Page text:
- #6. Catfish
The backlash against Catfish may have dwarfed the fanfare that fueled it, but all the arguments that this documentary is ‘fake’ or focuses too heavily on suspense have missed the point: this is a remarkably personal story that has more to say about the nature of human interaction in the internet age than even the justly-lauded The Social Network. A professional photographer develops an online friendship with a family living halfway across the country, but after years of loving interactions begins to suspect that they are not who they’ve claimed to be. What could have devolved into an indictment of Facebook’s dangerous dichotomy of anonymity and self-promotion instead settles into the most compassionate film of the year, judging not when others would damn to hell. A beautiful film whose only flaw was an overzealous marketing department.
- #7. Harry Brown
An old man afraid to use the subway. An old man not afraid to use the subway. In between there is a story of shocking violence and sympathy. You can say that Harry Brown is the tale of an old man pushed to far by young whippersnappers, exacting brutal revenge to soothe his injured soul. You can also say that Harry Brown has a potent message about the necessity for measured violence to quell anarchic violence. But at its heart there is only Harry Brown, a soldier who once again finds something to fight for and refuses to do it without dignity. Harry Brown is the sympathetic character piece that the Death Wish pantheon always could have been, anchored by yet another brilliant performance from the invaluable Michael Caine.
- #8. Exit Through The Gift Shop
Like Catfish, 2010’s other great documentary, Exit Through The Gift Shop has suffered the slings and arrows of doubting critics, artists and audience members who suspect the entire tale – in which faux-documentarian Thierry Guetta shadows the most reclusive street artists in the world before becoming an art sensation himself – is just another prank performed by famed artist Banksy, who directed the film. Exit Through The Gift Shop never claims to be didactic in nature (nor did Catfish, incidentally), so claims of fraud are fruitless: this sequence of events has deeper meaning whether it actually happened or not, and the rare footage of street artists like Banksy, Space Invader and Shepard Fairey in action would be a ‘must watch’ even for anyone who would actually be offended if this ‘story’ is a lie. But the film’s endgame, in which the founders of an artistic movement take personal responsibility for its own inevitable downfall, may be the most depressingly introspective conclusion of any film in years.
- #9. The Fighter
You’d expect a movie about a fighter called The Fighter to be about a fighter, wouldn’t you? Then you’d be just as surprised as I was to discover that David O. Russell’s latest film instead uses those old Rocky clichés to tell an impossibly rich story about family. Mark Wahlberg plays Micky Ward, an underappreciated and underworked professional boxer whose family cares more about his crack-addicted brother’s comeback than his own shot at greatness. Christian Bale eats scenery as the surprisingly complex drug addict but he leaves plenty for the rest of the cast, including a wonderful Amy Adams as a loving girlfriend struggling to compete for Micky’s affections with the women who raised him. The Fighter seems to be leading to obvious conclusions about choosing your own family only to transform into an earnest celebration and love and acceptance on all sides. You can’t choose your family, but you can choose to fight for them.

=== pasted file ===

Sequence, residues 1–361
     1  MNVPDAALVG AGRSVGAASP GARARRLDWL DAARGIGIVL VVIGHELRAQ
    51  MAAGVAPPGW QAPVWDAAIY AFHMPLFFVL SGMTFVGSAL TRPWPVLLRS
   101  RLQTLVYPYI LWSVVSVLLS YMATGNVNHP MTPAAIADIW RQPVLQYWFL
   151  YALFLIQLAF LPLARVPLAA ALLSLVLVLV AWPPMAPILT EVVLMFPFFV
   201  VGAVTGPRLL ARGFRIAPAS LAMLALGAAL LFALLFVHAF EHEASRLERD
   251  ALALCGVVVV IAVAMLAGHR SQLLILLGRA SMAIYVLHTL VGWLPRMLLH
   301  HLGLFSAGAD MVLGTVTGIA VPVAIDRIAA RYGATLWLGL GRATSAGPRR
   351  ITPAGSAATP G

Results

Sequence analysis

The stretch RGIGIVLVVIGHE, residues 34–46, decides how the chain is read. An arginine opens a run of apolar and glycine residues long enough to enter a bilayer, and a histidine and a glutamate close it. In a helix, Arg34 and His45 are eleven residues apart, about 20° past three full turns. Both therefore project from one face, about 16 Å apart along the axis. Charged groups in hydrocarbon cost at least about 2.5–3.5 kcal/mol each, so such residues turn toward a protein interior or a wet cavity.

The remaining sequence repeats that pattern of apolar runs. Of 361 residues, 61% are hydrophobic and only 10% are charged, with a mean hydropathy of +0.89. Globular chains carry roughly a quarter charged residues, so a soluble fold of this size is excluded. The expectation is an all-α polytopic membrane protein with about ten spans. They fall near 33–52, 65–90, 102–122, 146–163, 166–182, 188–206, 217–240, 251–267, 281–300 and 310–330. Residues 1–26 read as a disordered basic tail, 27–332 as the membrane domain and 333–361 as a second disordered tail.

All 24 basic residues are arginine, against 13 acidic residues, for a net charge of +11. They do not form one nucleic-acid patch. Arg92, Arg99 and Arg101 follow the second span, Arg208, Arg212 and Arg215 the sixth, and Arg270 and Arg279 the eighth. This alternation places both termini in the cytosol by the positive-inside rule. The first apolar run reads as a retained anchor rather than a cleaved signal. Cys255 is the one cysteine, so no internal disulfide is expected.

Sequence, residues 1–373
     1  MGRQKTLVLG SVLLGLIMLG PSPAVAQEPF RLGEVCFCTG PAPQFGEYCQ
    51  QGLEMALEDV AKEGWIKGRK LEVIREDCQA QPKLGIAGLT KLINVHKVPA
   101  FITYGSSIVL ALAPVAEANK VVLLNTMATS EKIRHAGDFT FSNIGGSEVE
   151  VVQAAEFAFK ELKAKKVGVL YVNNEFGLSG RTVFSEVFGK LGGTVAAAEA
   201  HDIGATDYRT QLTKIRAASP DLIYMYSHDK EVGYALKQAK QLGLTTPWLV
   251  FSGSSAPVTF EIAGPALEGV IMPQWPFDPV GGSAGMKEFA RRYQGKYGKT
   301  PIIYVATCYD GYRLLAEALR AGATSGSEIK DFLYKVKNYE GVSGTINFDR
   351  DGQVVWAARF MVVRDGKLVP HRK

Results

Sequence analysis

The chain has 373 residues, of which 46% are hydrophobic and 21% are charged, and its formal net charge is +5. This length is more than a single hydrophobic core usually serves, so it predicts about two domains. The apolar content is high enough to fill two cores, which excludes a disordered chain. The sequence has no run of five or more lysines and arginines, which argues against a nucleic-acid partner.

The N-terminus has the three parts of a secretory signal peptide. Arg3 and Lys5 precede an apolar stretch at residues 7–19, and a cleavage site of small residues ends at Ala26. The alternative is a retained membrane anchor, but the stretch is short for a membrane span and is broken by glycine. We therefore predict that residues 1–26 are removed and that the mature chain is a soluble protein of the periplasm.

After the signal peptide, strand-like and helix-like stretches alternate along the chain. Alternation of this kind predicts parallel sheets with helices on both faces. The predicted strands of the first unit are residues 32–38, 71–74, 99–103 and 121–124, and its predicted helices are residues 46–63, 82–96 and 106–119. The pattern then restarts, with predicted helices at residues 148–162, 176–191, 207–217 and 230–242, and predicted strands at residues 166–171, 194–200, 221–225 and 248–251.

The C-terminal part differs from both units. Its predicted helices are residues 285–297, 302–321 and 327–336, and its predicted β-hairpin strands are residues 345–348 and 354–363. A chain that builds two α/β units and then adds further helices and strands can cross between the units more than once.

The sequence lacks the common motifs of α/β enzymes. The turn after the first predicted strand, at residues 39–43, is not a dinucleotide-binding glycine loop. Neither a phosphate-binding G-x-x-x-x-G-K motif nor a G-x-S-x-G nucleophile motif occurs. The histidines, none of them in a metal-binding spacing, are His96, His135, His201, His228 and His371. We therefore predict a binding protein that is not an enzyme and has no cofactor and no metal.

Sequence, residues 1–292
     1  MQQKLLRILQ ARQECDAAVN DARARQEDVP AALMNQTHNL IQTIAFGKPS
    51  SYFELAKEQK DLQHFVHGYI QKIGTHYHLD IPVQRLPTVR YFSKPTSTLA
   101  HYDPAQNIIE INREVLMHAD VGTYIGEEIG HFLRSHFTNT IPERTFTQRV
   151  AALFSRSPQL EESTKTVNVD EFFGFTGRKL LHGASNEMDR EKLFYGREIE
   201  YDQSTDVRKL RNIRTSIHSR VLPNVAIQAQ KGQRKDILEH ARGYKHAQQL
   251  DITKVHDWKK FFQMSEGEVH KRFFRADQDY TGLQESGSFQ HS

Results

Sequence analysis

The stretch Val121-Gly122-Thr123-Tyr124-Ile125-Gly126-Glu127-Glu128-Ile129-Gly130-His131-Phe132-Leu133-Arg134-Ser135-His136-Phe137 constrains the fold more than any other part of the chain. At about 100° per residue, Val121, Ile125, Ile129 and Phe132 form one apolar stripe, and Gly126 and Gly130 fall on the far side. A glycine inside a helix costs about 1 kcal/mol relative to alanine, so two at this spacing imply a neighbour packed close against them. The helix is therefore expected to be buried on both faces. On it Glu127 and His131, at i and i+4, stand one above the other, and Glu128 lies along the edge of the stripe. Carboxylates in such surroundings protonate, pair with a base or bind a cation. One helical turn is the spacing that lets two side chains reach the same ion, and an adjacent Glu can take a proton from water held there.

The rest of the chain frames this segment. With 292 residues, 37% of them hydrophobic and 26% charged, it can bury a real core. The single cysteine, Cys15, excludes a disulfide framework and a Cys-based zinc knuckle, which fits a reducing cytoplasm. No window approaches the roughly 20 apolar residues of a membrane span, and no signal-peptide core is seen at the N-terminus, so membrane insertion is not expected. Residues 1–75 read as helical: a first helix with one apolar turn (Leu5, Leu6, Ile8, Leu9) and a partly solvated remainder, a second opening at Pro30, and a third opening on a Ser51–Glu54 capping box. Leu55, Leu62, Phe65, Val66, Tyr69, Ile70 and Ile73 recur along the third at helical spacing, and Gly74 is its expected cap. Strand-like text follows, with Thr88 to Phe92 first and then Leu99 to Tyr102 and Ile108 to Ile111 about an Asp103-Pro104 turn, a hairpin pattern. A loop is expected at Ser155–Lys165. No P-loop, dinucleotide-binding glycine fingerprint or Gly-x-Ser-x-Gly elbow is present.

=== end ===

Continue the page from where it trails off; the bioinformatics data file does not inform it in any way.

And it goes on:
- #10. Step Up 3D (and the B-Movies of 2010)
Step Up 3D accepts this award for all of the incredible B-Movies that defied expectations in a supposedly disappointing year for cinema. From sequels and remakes that were better than the original (Hatchet 2 and The Crazies), to straight-to-video flicks that were better than most theatrical releases (Undisputed III: Redemption, Justice League: Crisis on Two Earths and Batman: Under the Red Hood), to surprisingly intelligent ‘lowbrow’ entertainment (Machete and Hot Tub Time Machine) to the impossible-to-categorize journey through the tweener subconscious that was Standing Ovation. Jon Chu’s delightful musical superhero tale Step Up 3D led this impressive pack, however, as the overachieving threequel to an otherwise idiotic series of films: It’s sparkling entertainment matched with some of the finest – if occasionally the dorkiest – use of 3D in modern cinema. Step Up 3D is a Five Star “Three Star” movie, and just one of many this year.
HONORABLE MENTIONS (in alphabetical order):
Douchebag, The Girl Who Kicked The Hornet’s Nest, How To Train Your Dragon, The King’s Speech, Rare Exports: A Christmas Tale, The Social Network, Tangled, The Tourist, True Grit, Winter’s Bone